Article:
The last concern was later withdrawn.

Officers have said the scheme “would not protect or enhance the setting [of Rhosygilwen] but rather would result in significant harm to this interest of acknowledged importance”.

They have also warned any backing of the scheme against policy recommendations could set a precedent for similar developments.

As the scheme was from the development plan, the final decision had to be made by full council, meeting on May 9, where it was recommended the committee support for the scheme was not endorsed.

The scheme had been twice backed by the planning committee partly on the grounds of its contribution of green power to help tackle the ongoing climate emergency.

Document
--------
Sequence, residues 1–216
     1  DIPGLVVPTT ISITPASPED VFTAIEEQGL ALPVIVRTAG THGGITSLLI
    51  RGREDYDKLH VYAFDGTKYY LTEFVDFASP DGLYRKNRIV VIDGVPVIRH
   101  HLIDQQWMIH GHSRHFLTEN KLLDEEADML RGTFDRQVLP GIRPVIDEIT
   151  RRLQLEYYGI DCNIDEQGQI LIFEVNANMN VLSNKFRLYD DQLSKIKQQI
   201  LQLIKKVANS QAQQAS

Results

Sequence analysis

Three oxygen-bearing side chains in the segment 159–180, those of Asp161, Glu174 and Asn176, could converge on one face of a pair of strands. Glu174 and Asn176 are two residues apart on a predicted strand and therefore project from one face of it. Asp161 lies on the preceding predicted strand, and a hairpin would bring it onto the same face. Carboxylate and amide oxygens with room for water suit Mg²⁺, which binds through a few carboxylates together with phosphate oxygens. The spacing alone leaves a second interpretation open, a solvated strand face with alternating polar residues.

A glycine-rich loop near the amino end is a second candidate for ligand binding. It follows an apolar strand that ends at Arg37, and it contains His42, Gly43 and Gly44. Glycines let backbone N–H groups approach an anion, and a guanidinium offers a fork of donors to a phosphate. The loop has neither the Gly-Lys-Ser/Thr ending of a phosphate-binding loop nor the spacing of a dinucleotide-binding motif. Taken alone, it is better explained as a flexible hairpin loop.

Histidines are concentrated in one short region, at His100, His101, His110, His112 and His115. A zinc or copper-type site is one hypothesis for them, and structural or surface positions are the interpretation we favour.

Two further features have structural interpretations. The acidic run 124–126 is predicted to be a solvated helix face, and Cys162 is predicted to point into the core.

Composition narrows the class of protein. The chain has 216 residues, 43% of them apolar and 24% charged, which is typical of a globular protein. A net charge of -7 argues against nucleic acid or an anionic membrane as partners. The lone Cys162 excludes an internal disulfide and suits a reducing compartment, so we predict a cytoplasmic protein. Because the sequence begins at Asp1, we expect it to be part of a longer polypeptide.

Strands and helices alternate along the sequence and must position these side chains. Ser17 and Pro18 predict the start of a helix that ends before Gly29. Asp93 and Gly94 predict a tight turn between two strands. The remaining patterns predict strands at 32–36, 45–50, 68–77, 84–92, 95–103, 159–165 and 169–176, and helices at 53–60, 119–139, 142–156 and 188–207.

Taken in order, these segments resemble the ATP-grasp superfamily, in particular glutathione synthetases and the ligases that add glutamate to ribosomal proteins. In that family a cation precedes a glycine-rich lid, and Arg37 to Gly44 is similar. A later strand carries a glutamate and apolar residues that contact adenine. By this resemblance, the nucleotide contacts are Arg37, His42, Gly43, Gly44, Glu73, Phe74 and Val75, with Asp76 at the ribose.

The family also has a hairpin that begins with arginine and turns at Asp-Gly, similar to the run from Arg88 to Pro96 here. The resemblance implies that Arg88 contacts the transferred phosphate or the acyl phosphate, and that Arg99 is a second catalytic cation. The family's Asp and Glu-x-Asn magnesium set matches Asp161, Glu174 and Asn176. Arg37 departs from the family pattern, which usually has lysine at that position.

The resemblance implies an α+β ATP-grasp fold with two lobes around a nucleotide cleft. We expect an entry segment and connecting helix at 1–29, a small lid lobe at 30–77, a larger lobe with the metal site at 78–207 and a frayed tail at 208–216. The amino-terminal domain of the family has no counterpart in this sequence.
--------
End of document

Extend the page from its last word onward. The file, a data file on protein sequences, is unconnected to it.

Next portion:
Speaking at the May 9 full council meeting, Councillor Tessa Hodgson questioned how much power from the proposal would be fed back into the grid and how much would go to power Rhosygilwen.

She was told that 90 percent from the “medium scale turbine” would be fed back into the grid, generating a tariff for the applicant, 10 percent powering the mansion and associated buildings.

Councillor Mike Stoddart described the amount of power produced by turbines as “miniscule,” saying it would require some 2,000 to equal the power output of Pembroke power station.

“It’s not going to make any material difference to the amount of carbon dioxide we output,” he told fellow councillors.

A move to approve the scheme, made by planning committee chairman Cllr Jacob Williams, was supported by 37 votes to 18, with two abstentions.

Objector Paul Robertson-Marriott has previously said the “20-storey” turbine would have “a detrimental impact” on surrounding properties and the proposal would “ride roughshod over the status of the listed building for economic benefit.”